The Kennedy Space Center is closed today, Oct. 6, and Friday for Hurricane Matthew. Kennedy Space Center is now in HurrCon 1 status, meaning a hurricane is imminent. Hurricane preparations at Kennedy were completed early last night, and remaining employees were then sent home. A final check is being made this morning around the space center for any potential loose debris. The hurricane ride-out team will report for duty at 3 p.m. today in the major buildings and facilities at KSC. During the storm they will report any significant events to the Emergency Operations Center, located in the Launch Control Center at Complex 39. They can also take any action needed to stabilize the situation and keep the facility secure. There will be 139 people on the ride-out team at locations around KSC. After the hurricane has passed and winds have dropped below 50 knots (approximately 58 mph), damage around the space center will be assessed and the Damage Assessment and Recovery Team will then report for duty. Tropical storm force winds are expected at Kennedy Space Center and Cape Canaveral late this evening followed by hurricane force winds early Friday morning.
NASA’s Kennedy Space Center in Florida is closing at 1 p.m. EDT today, Wednesday, Oct. 5, due to the approach of Hurricane Matthew. Across the spaceport, essential personnel are preparing facilities for the storm’s arrival. Hurricane Matthew is expected to make its closest approach to the Cape Canaveral/Kennedy area overnight Thursday and into Friday morning, bringing with it the potential for heavy rain, storm surge and hurricane-force winds. Once the storm has passed, center facilities and infrastructure will be assessed and employees will be cleared to return when it is safe to do so.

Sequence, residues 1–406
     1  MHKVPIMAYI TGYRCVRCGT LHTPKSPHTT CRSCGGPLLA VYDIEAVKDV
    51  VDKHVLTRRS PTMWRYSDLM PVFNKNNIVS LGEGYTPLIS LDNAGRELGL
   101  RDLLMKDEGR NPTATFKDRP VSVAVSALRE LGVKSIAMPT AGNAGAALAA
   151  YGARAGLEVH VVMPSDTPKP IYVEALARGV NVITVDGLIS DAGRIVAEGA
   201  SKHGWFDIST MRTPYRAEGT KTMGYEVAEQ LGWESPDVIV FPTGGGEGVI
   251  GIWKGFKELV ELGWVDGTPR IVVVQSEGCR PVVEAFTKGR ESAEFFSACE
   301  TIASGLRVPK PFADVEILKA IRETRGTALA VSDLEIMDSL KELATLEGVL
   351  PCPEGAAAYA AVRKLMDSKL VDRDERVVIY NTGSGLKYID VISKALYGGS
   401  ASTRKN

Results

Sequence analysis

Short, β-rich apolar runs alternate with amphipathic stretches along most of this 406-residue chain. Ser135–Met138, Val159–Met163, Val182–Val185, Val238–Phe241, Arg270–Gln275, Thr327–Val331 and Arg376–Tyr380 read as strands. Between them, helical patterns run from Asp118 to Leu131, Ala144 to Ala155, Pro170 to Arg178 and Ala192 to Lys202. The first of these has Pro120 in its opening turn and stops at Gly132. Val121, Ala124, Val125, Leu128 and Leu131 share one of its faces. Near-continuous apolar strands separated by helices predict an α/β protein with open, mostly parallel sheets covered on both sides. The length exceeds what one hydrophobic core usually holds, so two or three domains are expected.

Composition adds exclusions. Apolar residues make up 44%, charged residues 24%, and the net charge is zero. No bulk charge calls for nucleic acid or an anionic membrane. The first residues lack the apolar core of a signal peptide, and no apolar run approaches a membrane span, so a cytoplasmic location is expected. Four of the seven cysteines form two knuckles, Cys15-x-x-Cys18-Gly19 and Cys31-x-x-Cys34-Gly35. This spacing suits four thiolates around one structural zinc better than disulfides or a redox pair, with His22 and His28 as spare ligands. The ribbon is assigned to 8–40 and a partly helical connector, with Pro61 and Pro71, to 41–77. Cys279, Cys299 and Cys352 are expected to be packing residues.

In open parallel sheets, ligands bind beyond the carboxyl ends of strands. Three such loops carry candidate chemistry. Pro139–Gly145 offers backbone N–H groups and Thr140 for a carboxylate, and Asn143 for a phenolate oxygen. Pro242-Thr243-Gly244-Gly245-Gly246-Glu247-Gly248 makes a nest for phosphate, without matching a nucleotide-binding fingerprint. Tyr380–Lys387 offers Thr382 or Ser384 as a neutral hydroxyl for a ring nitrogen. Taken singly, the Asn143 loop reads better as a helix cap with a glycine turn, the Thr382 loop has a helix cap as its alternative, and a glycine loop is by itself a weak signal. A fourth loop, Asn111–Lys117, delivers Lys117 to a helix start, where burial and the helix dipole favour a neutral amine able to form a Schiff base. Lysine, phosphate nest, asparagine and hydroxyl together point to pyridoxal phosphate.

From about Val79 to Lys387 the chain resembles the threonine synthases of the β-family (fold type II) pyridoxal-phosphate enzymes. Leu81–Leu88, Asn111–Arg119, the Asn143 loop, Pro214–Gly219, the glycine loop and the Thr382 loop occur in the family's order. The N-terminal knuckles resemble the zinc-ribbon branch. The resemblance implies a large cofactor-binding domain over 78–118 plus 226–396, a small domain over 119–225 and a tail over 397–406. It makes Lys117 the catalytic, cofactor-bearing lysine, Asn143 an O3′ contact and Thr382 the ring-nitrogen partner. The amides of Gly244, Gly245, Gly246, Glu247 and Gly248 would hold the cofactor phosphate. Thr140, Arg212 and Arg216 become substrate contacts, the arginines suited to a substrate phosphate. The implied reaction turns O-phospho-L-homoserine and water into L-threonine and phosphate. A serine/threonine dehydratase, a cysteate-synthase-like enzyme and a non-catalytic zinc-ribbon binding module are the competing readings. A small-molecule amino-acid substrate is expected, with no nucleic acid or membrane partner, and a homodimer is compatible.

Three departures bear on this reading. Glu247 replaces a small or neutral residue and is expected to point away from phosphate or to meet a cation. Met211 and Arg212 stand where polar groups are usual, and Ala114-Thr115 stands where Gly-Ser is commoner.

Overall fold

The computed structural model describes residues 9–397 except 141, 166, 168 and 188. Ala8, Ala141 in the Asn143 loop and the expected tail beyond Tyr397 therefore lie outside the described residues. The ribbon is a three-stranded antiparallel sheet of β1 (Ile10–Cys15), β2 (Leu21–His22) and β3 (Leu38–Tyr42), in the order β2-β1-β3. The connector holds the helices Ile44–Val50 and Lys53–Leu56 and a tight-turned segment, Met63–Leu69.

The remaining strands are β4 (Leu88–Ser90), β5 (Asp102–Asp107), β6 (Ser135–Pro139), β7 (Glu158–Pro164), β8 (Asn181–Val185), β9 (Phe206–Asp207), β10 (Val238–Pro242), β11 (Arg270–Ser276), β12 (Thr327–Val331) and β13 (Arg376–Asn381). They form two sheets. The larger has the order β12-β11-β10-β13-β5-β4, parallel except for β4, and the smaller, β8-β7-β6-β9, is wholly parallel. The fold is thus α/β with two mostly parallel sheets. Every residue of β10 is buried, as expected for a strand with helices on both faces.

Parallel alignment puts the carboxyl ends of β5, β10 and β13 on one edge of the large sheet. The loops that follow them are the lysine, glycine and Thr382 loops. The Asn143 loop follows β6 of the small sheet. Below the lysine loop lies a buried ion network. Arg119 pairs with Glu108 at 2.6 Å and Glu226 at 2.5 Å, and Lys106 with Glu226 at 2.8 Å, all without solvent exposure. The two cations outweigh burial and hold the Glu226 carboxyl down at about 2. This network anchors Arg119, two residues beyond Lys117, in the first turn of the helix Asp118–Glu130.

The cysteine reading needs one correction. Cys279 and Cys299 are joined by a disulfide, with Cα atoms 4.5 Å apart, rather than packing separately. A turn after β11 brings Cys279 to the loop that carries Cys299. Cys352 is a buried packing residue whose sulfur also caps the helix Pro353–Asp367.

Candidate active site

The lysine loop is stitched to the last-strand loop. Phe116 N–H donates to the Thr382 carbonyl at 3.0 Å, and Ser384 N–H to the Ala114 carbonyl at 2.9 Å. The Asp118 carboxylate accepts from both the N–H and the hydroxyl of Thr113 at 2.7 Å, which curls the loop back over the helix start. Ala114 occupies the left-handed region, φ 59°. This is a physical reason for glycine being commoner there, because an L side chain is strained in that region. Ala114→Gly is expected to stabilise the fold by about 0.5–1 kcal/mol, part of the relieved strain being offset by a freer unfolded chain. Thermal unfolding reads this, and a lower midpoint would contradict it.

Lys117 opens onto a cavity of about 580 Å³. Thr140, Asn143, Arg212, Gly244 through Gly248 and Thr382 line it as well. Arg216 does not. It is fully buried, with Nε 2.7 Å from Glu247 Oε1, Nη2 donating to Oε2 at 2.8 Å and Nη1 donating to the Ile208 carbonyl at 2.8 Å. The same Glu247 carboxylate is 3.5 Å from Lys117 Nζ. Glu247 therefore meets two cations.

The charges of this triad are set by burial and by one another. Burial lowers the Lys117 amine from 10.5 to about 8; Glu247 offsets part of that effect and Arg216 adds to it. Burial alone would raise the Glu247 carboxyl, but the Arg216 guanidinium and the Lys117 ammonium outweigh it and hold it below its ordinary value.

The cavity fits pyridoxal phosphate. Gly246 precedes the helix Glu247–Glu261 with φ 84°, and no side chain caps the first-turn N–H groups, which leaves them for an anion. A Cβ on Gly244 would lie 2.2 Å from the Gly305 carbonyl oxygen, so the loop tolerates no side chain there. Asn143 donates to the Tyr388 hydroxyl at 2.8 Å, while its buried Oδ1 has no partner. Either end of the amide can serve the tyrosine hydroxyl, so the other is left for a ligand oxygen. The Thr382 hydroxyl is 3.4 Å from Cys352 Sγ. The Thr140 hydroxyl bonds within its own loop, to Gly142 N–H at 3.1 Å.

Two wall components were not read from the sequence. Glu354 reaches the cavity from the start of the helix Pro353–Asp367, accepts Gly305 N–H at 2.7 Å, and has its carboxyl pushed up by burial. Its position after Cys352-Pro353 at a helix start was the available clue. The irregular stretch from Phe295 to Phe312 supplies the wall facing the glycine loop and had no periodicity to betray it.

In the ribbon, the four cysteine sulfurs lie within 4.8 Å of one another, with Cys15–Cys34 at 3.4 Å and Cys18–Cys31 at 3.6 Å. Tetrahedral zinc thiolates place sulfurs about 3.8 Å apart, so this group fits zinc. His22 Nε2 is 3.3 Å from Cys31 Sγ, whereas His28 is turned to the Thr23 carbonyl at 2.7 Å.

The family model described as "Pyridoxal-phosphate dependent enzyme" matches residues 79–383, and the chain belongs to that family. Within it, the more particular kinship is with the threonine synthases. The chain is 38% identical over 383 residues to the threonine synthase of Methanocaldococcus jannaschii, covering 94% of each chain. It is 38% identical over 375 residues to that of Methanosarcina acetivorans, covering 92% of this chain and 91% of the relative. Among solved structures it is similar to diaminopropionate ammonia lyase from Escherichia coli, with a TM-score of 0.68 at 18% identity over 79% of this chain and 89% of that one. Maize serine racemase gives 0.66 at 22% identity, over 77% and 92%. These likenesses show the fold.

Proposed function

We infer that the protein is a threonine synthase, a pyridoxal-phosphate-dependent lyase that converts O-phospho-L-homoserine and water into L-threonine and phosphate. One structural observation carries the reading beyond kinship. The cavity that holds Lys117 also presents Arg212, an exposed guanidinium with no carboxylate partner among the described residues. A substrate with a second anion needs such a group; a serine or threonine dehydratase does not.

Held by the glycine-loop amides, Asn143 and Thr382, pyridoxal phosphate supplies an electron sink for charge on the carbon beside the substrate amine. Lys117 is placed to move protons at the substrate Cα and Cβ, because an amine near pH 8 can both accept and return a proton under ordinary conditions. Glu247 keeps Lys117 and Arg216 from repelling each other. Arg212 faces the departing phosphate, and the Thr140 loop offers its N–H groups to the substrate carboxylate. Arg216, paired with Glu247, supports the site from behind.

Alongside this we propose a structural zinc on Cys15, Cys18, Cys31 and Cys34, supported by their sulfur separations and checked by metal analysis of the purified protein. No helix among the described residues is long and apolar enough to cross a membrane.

Kennedy Space Center Visitor Complex will be closed on Thursday, October 6 and Friday, October 7. Visitor Complex officials anticipate reopening Saturday, Oct. 8 at 9 a.m. after a thorough assessment of the property has been completed.
An integrated test of the MARCO POLO/Mars Pathfinder in-situ resource utilization, or ISRU, system recently took place at NASA’s Kennedy Space Center in Florida. Demonstrations such as this one help scientists learn how to extract critical resources on site – even as far away as the Red Planet.
A mockup of MARCO POLO, an ISRU propellant production technology demonstration simulated mission, was tested in a regolith bin with RASSOR 2.0, the Regolith Advanced Surface Systems Operations Robot. RASSOR excavated regolith and delivered sand and gravel to a hopper and mock oven.
On the surface of Mars, mining robots like RASSOR will dig down into the regolith and take the material to a processing plant where usable elements such as hydrogen, oxygen and water can be extracted for life support systems. Regolith also shows promise for both construction and creating elements for rocket fuel.